"We are deeply grateful to the Chinese climbers and rescue workers who have been doing everything possible on the ground to carry out the search," Shurr said.

Other American climbers have flown to China to join the search.

Copp, Dash and Johnson were last heard from May 20 at the base of Mount Edgar. They had been scheduled to fly out of Chengdu, Sichuan's capital, but did not show up for the flight.

Johnson is a photographer, film editor and producer with Sender Films, a maker of climbing and adventure videos based in Boulder.

Sender Films states on its Web site that "Copp and Dash are highly experienced alpinists and professional climbers" who went to Mount Edgar after receiving a Mugs Stump Award grant for their current expedition from the American Alpine Club.

Copp and Dash had teamed on prior expeditions, including the first ascent of the Shafat Fortress in Kashmir, India.

Tributes to Copp, Dash and Johnson have been posted here.


Wednesday, June 3, 2009

lightning strikes

USFS firefighters monitor blazes above Thurman Flat

By Guy McCarthy

MILL CREEK CANYON - Slow-moving thunderstorms unleashed scores of lightning strikes across the Inland Empire and the mountains today, killing a woman outside her home in Fontana and injuring a woman in Cabazon, authorities said.

In Big Bear Lake, winds or lightning snapped a large pine tree 30 feet above the ground, crushing a Chevrolet Suburban and killing the 31-year-old woman inside it, according to a fire prevention officer.

Lightning strikes also ignited more than 20 fires in the San Bernardino Mountains and wilderness areas, Forest Service firefighters said.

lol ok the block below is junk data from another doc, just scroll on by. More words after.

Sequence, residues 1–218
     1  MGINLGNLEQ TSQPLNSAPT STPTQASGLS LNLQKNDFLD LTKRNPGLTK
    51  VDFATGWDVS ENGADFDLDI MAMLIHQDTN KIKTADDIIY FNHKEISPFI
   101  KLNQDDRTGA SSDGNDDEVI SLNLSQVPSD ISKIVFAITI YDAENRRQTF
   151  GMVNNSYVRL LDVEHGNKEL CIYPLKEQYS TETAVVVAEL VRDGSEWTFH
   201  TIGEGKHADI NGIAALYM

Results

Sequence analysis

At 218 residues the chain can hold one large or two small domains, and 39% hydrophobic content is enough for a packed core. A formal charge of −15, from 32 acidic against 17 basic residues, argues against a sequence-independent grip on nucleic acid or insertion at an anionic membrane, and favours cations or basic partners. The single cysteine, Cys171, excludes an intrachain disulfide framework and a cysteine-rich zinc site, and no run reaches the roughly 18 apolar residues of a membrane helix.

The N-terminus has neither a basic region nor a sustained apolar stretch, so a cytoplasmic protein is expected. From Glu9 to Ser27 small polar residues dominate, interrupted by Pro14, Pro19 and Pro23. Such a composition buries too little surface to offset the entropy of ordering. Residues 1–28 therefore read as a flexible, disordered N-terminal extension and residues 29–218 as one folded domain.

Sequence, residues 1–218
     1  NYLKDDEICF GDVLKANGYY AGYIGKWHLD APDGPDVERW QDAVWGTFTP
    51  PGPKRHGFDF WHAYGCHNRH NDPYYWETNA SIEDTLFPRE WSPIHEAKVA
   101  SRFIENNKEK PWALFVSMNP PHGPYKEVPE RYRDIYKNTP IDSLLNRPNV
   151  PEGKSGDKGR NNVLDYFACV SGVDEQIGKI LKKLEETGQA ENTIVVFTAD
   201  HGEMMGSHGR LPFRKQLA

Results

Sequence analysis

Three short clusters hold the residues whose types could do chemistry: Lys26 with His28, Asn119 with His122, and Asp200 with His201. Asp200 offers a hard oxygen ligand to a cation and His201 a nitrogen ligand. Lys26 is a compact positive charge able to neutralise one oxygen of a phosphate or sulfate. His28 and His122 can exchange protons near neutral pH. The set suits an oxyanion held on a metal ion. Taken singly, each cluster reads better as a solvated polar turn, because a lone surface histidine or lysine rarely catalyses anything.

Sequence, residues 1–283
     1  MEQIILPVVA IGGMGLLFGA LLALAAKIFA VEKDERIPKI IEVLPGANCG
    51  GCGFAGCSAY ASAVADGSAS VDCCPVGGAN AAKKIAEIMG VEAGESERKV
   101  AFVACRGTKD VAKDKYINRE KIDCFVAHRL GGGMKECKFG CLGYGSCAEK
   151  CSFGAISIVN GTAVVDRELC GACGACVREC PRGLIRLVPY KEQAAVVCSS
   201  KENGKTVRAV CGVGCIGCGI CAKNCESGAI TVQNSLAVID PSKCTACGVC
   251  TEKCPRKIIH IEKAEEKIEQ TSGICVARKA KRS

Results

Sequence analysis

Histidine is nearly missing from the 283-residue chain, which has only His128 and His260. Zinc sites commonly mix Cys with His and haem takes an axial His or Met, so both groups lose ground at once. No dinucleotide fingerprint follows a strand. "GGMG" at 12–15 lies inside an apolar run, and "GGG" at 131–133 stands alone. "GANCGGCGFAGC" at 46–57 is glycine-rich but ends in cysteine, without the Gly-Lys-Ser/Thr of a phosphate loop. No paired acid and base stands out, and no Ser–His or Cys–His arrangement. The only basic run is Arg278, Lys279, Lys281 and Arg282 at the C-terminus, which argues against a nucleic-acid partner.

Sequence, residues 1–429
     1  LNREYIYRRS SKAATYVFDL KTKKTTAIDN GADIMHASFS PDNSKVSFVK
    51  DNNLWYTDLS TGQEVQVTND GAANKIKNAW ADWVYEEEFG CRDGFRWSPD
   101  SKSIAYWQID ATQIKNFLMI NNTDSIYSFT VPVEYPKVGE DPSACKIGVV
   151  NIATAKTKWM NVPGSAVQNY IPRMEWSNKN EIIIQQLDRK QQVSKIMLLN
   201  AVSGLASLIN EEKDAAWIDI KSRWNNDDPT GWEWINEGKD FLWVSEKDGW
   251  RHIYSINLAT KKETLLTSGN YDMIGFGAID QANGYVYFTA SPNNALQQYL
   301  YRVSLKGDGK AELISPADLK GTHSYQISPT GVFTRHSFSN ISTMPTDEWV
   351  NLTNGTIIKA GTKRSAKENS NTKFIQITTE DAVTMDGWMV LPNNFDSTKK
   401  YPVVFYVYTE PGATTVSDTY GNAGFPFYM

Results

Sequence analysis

Forecasters said more thunder and lightning remain possible through Saturday.

"This is not the monsoon," said National Weather Service meteorologist Ted MacKechnie. "It's upper level low pressure that trapped a subtropical air mass over the ocean, and brought it over Southern California.

"The low will continue to move slowly inland," MacKechnie said. "Through Saturday or Saturday night."

Photo courtesy Big Bear Lake Fire Protection District

In Fontana about 4:45 p.m., a woman was under a tree in front of a house when she was struck and killed by lightning, Fontana police Sgt. Jeff Decker said in a phone interview.

Earlier in Cabazon, a woman in a parking lot was injured by a lightning strike close by. She was not struck by lightning, Cal Fire-Riverside County officials said.

By sundown, firefighters had dealt with more than 20 lightning-related fires in the San Bernardino National Forest today, including at least five in the San Gorgonio Wilderness, according to the Forest Service.

The largest was the McKinley Fire on Harrison Mountain, which burned about 150 acres above Highland before rains helped douse it, according to the Forest Service.

The Peak Fire, below San Bernardino Peak, had burned about 10 acres by sundown. Other small fires were reported out or contained near Oak Glen, Mountain Home Village, Lake Arrowhead, and Cranston in the San Jacinto Mountains.

Some fire crews were preparing to keep watch overnight on the most persistent of the blazes, and hoped to extinguish them before hotter, drier weather returns.

Unusual weather system west of Mill Creek Canyon

Thursday, May 21, 2009

persistence pays off

Climbers near Camp II in April
Images provided by Nicholas Rice

By Guy McCarthy

Blasting winds, heavy snow and grinding ice destroyed three of his tents on the world's eighth-highest mountain.

At times he endured temperatures 40 below zero Fahrenheit and colder, in a realm so devoid of oxygen those who go there call it the Death Zone. He assisted in two rescues and the elements contributed to at least one fatality.

But he refused to give up his goal of reaching the top. Persistence paid off.

On Day 57 of his expedition in the Nepalese Himalaya, Nicholas Rice of Hermosa Beach finally stood on the 8156-meter summit of Manaslu, a Sanskrit name that translates roughly to "Mountain of the Spirit."

"I summited at 11:30 a.m. on the 19th of May!" Rice said today in an e-mail today from his base camp. "All the best!"